They weren’t flush, though. They took turns paying rent on a small office in the Lincoln Building on 18th Street, across from where the museum now resides. But they began to accumulate memorabilia. Some of the items came unsolicited. Others they sought out. Rather, Lester did.
Lester traveled to Indianapolis to track down Anna Bradley, niece of the great Oscar Charleston. A player with power and speed, Charleston had suited up for several teams between 1915 and 1941, including the Lincoln Stars, the Indianapolis ABC’s, the Chicago American Giants and the Pittsburgh Crawfords. Although he’d never played in the major leagues, he was voted into Cooperstown.
“He was the greatest player ever,” Lester says. “As good as Willie Mays.”
After visiting Bradley, Lester negotiated the purchase of Charleston’s Hall of Fame plaque for the museum and returned home with a briefcase full of mementos.
Then a call came that would change the hand-to-mouth fortunes of the venture.
Starter Company, which made jackets and sportswear, called the organization with a proposition. The company offered $25,000 if the museum would authenticate the designs being considered for replica Negro Leagues apparel.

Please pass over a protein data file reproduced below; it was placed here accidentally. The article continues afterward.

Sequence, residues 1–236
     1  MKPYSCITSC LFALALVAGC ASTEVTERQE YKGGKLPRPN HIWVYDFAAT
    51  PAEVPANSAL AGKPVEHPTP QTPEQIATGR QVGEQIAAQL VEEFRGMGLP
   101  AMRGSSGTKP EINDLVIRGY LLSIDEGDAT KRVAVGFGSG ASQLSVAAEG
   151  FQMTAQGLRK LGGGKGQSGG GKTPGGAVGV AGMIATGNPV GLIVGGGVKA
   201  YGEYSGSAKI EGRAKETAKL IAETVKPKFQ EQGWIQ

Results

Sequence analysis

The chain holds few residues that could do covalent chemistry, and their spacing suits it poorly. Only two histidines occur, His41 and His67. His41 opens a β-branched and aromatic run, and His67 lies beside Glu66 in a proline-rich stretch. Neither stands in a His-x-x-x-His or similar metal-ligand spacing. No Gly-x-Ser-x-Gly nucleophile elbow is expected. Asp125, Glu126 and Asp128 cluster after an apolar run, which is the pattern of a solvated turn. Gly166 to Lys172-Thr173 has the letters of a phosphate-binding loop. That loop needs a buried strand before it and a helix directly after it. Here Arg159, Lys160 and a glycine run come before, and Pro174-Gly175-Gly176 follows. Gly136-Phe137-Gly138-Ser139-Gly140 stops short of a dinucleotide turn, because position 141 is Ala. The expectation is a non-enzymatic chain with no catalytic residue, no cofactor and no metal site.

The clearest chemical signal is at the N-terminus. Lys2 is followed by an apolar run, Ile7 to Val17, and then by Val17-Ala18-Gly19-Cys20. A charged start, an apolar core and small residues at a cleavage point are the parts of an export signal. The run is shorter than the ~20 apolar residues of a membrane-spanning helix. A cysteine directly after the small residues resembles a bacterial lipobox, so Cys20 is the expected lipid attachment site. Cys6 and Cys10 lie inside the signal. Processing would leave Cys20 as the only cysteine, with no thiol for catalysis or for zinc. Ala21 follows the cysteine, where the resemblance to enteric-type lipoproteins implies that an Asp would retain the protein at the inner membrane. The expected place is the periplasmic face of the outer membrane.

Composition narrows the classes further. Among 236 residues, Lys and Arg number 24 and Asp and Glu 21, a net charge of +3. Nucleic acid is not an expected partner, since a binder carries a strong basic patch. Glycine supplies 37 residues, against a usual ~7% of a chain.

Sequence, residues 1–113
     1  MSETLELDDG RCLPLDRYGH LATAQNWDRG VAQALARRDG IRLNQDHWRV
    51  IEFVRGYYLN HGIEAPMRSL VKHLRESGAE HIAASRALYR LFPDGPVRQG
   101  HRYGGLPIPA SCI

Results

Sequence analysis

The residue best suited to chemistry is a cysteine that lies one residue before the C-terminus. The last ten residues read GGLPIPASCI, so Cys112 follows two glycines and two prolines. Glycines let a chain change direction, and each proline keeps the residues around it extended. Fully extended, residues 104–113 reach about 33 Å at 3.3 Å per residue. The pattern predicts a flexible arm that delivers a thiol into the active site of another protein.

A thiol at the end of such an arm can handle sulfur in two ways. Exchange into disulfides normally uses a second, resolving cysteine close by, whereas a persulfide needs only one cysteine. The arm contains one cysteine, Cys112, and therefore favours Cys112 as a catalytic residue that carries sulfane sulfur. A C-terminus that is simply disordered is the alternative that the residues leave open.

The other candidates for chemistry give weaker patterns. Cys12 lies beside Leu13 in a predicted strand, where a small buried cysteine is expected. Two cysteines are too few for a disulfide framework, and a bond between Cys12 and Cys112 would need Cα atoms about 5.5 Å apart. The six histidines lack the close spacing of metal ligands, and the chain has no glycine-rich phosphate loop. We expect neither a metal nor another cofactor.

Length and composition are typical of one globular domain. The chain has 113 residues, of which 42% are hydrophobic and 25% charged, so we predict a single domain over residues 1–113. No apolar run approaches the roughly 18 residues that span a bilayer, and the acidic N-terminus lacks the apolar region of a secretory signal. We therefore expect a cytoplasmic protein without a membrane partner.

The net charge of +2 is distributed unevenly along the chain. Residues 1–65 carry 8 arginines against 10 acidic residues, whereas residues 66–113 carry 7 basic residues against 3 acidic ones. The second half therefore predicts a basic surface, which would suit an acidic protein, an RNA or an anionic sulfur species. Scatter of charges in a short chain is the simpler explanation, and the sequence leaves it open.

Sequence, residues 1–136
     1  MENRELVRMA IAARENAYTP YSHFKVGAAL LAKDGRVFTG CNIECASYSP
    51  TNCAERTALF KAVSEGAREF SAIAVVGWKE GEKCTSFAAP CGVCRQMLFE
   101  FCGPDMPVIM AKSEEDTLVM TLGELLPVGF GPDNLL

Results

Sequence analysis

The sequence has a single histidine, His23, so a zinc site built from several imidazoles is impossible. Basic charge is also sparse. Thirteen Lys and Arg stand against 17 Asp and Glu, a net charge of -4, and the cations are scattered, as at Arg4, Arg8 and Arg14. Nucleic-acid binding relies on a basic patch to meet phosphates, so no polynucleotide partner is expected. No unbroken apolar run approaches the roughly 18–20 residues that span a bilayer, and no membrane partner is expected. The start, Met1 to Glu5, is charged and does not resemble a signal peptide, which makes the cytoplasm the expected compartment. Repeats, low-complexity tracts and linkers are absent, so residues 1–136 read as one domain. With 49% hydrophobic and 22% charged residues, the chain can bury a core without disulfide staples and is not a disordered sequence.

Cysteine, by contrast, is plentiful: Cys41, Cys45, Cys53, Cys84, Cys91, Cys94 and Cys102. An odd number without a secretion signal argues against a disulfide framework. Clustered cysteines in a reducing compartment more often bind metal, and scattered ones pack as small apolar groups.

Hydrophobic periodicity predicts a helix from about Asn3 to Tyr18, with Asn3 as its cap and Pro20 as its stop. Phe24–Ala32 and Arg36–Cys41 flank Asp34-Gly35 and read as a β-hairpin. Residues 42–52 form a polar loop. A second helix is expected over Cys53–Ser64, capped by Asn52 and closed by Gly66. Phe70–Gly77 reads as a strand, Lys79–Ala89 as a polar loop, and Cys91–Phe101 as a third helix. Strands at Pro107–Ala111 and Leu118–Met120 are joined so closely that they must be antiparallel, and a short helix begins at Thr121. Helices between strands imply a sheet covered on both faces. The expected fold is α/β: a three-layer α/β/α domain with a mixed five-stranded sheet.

“I came up with a really good idea,” Busch says, chuckling. He recalled that the Smithsonian Institution had earned money by allowing its name to be used by a toy company that was making replica dinosaurs. Busch realized that the museum could do the same for replica Negro Leagues jerseys and hats.
More than 200 teams played Negro Leagues ball at some point. Some had lasted a year, others 20 years.
They decided to research the top 50 teams and then put together a design notebook and a hangtag promoting the museum. The research fell to Lester.
“Larry was crucial and critical to that development process,” Busch says. “He was the researcher and historian.”
Though Starter ultimately snubbed the men, the museum sold its first license to American Needle Cap Co., bargaining for a 5 percent commission on the wholesale costs of the merchandise.
The museum had caught a wave of nostalgia, and the money started rolling in. Their first year’s royalties were about $150,000, Busch says.
“We had this big fad reaction to the Negro Leagues,” Busch says. “It was a wild and woolly time.”
All of the actual teams had gone out of business by the early 1960s, and legally, the Negro Leagues Museum had no more claim to the team names and likenesses than anyone else did. But in a strange twist of fate, the Monarchs had survived.